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    Ways to find out if your cat is sick

    Articlecat health and wellbeingFriday 19 April 2013
    Unfortunately pets cannot tell us when they are sick or it would make all our lives a lot easier… to add to the problem, cats are notorious for hiding illnesses until it gets serious and possibly too late. Fortunately there are things you can do so you can check your cat and make sure they are healthy and well. Aside from this advice it is of course always recommended to do regular checkups with your vet to make sure everything is ok and well. They are of course the best at recognising problems in your cats. 
    Believe it or not there are many warning signs that your cats give off in their behaviour, body language and communication. If a cat behaves in a strange manner at home then they might not be the same in the vet’s surgery because it may be too nervous to display the same behaviour.  Of course with this information it can provide useful to the vet. This can help him work quicker to come towards a solution. 
    The Diet
    The first thing you have to look at is eating habits. Is your cat eating more or less than usual? Does it simply ignore its food or come up to it but eat much less than normal?
    Is your cat drinking enough? A good way to test this is to grasp its skin between its should blades and gently let go. If it goes back to place slowly then this means they are very well hydrated. If not then it means they are not getting enough fluids.
    You have to check your cats stools. Are they correctly formed? Furthermore if there is any blood coming out then this is a problem. A change in colour or smell can mean danger.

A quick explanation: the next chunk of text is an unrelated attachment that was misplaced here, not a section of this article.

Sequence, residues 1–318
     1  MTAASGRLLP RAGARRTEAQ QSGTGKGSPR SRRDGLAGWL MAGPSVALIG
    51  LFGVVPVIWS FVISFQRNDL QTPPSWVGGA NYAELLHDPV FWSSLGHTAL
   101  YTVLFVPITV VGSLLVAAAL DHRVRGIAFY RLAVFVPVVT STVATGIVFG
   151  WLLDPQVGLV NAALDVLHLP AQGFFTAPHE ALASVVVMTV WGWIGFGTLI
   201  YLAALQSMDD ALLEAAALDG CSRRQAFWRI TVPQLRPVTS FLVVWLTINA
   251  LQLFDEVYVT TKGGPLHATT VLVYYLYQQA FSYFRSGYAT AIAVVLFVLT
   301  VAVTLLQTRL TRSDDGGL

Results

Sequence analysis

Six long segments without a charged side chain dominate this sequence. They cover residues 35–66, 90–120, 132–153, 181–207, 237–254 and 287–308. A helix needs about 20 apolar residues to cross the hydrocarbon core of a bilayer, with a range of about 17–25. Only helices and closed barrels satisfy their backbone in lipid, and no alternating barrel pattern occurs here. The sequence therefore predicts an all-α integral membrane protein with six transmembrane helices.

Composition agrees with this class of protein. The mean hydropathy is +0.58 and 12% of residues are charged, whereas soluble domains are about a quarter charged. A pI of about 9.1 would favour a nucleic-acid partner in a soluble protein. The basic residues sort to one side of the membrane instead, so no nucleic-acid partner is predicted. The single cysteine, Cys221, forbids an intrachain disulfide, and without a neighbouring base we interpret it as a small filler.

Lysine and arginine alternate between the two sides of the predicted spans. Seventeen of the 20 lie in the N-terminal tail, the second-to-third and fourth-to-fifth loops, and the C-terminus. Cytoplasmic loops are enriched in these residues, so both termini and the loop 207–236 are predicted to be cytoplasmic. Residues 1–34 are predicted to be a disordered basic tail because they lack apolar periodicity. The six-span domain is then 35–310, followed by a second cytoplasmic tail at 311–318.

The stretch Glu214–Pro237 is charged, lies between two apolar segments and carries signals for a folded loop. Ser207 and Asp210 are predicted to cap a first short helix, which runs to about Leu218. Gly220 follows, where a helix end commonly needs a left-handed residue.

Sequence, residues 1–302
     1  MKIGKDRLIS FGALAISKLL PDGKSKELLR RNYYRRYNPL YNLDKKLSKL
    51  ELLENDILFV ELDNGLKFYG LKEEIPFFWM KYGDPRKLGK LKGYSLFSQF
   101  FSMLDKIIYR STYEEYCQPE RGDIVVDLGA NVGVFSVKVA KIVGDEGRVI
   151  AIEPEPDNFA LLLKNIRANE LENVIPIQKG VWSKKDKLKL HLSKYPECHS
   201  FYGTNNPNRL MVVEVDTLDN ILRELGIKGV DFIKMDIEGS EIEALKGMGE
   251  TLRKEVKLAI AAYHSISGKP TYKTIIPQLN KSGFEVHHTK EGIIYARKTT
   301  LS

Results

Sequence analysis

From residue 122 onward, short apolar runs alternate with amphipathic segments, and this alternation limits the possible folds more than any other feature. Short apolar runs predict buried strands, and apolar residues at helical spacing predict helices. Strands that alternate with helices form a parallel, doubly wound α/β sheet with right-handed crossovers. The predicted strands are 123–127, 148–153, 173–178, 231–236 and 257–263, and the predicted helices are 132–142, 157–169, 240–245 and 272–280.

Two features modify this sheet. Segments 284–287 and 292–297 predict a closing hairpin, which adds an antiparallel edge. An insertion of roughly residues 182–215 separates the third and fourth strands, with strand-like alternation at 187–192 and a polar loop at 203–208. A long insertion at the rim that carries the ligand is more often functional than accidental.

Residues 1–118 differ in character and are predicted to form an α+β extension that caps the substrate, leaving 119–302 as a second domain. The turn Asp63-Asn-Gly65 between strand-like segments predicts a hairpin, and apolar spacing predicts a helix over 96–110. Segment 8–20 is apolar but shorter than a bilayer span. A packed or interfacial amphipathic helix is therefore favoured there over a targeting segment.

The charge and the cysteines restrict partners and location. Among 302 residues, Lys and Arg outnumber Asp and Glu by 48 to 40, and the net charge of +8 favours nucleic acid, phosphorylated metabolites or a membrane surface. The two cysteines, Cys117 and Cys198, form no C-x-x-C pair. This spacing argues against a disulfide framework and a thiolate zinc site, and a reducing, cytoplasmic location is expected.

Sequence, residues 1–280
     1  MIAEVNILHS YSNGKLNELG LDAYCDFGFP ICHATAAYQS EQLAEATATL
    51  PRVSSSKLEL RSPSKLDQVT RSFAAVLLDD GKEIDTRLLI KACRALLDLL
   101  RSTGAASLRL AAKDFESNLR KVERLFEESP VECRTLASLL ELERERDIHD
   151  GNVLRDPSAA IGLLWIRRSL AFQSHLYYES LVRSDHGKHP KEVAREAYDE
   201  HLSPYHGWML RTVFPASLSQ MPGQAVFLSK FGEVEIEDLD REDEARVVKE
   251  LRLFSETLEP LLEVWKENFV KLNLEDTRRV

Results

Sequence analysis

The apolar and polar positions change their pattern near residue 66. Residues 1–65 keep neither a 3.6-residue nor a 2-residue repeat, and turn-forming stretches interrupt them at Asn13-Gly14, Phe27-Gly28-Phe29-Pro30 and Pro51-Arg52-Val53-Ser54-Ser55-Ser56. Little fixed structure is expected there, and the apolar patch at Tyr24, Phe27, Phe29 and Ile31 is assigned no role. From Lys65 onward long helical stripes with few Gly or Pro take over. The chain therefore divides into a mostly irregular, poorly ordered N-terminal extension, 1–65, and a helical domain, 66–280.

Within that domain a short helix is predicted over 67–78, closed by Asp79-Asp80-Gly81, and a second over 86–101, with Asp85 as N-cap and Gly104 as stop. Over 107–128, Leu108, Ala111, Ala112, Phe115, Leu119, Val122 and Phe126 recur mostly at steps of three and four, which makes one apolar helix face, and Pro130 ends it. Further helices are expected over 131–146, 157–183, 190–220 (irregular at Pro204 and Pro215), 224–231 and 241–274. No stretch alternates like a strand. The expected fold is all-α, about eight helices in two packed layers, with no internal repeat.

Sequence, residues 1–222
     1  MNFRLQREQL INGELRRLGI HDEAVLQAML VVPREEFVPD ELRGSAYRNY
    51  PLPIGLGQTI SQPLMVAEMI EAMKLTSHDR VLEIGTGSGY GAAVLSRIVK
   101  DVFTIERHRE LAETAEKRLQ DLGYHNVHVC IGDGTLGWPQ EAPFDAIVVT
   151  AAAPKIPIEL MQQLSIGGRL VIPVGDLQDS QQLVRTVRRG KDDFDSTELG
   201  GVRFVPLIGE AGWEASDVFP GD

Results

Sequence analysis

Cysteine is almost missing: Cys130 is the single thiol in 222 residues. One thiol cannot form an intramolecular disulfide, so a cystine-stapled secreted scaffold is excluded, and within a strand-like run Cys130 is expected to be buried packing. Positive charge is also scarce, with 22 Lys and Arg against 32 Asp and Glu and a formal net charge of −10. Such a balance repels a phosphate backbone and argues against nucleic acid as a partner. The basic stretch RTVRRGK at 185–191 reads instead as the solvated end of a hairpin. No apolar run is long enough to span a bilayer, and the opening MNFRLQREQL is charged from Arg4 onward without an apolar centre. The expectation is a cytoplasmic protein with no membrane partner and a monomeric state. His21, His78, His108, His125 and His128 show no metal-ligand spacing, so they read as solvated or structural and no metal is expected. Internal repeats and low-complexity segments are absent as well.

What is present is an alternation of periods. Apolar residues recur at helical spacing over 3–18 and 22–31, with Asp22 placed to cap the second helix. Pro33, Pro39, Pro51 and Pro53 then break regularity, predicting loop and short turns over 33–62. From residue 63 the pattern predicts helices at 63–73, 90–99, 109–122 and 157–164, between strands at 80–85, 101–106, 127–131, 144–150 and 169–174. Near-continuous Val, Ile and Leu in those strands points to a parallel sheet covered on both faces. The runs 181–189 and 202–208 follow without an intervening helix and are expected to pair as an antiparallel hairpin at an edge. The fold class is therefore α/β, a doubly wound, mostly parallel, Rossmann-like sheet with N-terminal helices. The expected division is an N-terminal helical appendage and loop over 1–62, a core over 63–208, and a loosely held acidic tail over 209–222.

The Skin and Coat
    Cats are usually very attentive to their cleanliness and appearance. If your cat is no longer maintaining itself or their coat if dry, oily or dull then it may be a sign that they are under the weather. If on the other hand your cat is grooming itself like crazy then it can mean something else for example a skin problem or a nasty reaction to flees. Study the places where your cat licks to have a further inspection and check the condition of the skin. 
    If your cat has any patches on their body without hair then these should be checked. There should be enough hair on its body to cover all the skin with the exception of the area between the eyes and ears.
    The size and weight of your cat is very important. Underweight could mean a serious condition and with a cat being overweight then it means it is vulnerable to a host of problems. Realistically you should be able to feel the ribs but not easily see them. This is the right sort of shape you want your cat to be. 
    The Mouth
    Gums and teeth are an incredibly good indicator of a cat’s health. You should look at the colour of the skin inside your cat’s mouth. Ideally you want it to be slightly pinkish. White skin can suggest anemia, yellowish could mean a liver problem and bluish means they are not getting enough oxygen.